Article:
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Source: HowStufWorks The fashion industry has some catching up to do when it comes to considering people with disabilities. That’s according to the results of a recent study, which surveyed 113 people with mobility impairments. The findings showed that about half of the respondents were unable to attend events like weddings, school dances and job…
Reality isn’t something you perceive; it’s something you create in your mind. Isaac Lidsky learned this profound lesson firsthand when unexpected life circumstances yielded valuable insights.
When Sam Schmidt gets behind the wheel of his Corvette, he starts the engine with the sound of his voice, accelerates with a puff of air and tilts his head to turn the car — a semi-autonomous vehicle called SAM designed by Arrow Electronics — around a corner.
With the Paralympics coming up in September, athletes the world over are training hard right now. Engineers at BAE Systems have come up with an indoor, computerised training system that will allow professional wheelchair racers to speed along without moving an inch.
Illustrators and sisters Jessica and Lianna Oddi have a lot to say about living with a disability – but have decided to draw their thoughts instead.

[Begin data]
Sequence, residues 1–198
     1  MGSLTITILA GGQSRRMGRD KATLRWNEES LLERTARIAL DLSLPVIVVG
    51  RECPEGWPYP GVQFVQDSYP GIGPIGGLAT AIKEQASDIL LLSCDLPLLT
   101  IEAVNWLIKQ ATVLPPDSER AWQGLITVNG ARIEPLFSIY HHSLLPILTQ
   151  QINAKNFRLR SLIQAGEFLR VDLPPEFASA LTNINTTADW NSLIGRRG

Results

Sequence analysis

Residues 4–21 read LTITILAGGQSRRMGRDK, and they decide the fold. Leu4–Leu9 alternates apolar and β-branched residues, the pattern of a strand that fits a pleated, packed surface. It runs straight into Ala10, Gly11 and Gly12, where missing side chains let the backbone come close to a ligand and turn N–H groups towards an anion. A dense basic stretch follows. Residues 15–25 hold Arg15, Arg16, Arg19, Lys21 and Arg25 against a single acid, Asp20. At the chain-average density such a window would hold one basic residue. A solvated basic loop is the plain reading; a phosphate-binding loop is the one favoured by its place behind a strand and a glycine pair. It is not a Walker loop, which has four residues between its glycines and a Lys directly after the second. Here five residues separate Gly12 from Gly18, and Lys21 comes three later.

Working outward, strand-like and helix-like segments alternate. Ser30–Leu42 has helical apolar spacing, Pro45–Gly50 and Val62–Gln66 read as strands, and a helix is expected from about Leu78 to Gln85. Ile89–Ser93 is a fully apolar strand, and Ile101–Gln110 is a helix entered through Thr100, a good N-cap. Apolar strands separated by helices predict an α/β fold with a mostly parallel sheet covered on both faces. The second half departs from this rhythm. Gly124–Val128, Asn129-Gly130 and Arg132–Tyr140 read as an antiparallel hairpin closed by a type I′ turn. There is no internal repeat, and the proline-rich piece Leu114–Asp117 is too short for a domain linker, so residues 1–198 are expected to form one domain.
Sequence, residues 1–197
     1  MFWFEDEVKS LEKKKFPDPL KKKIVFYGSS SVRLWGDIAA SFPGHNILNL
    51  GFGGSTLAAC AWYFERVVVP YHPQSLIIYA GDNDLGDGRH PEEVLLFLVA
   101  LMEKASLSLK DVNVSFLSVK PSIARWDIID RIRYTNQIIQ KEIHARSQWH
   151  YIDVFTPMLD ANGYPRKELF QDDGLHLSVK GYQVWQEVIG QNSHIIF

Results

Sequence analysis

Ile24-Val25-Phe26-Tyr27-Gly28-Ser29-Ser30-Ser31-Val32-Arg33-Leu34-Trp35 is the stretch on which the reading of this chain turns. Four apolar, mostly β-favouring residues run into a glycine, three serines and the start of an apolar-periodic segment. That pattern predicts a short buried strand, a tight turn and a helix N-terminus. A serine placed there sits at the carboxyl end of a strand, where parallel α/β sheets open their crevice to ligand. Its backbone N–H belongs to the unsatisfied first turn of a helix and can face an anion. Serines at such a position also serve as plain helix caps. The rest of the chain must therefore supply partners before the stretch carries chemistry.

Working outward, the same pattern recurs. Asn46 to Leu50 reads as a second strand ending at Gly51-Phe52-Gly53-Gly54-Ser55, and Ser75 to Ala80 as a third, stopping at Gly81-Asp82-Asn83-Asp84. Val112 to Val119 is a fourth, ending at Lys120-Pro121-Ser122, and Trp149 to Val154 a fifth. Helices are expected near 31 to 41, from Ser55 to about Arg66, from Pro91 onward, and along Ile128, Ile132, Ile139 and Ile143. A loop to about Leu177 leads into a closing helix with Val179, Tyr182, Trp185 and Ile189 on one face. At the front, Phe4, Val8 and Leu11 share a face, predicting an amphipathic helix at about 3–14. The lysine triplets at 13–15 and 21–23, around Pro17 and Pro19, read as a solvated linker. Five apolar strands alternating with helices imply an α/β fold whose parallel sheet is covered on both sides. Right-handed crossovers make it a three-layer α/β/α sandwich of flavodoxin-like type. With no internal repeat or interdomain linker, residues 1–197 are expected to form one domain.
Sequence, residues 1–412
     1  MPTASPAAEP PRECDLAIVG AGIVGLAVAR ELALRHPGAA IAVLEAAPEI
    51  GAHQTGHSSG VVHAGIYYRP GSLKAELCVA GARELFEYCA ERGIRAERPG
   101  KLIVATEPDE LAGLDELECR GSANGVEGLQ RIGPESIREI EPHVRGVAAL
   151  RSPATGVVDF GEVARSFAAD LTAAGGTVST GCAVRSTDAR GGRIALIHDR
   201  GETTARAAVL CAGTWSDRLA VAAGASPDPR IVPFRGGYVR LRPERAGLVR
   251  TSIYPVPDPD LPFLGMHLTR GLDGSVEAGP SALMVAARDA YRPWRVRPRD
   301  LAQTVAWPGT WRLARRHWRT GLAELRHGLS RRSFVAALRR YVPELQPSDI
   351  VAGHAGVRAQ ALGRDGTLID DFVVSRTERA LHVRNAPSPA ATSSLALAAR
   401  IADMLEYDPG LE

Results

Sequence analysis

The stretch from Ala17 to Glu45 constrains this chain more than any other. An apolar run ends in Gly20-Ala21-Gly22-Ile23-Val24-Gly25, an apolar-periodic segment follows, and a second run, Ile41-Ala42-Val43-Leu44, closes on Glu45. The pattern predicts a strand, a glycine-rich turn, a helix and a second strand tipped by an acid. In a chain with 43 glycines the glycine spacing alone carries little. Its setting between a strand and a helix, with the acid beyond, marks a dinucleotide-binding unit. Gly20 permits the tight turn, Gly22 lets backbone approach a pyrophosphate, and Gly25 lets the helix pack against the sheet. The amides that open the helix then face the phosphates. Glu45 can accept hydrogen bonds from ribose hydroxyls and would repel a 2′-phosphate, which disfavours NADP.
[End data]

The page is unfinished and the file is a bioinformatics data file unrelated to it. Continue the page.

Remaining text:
If you wanted to be a tattoo artist but lost your drawing arm, what would you do? JC Sheitan Tenet has an answer: get a prosthetic arm that’s better than flesh and bone. He teamed up with artist Gonzal on a steampunk-inspired limb that integrates an inking needle, a pressure gauge and piping.
Square Enix and Eidos-Montréal have teamed up with Open Bionics, a specialist in low-cost prosthetics, to develop new designs based on the world of Deus Ex. The franchise delves deep into a possible future where human augmentation is commonplace, changing society and warfare in equal measure.
A project from researchers at the Johns Hopkins University is providing a prosthesis to help women with lower limb amputations to walk in high heels. It’s an effort that could have a huge positive impact on people’s’ lives, from female veterans to the fashion conscious.
Brazilian researchers have developed a wheelchair that can be controlled through small facial, head or iris movements. The team says the technology could help people with cerebral palsy, those who have suffered a stroke or live with amyotrophic lateral sclerosis and other conditions that prevent precise hand movements.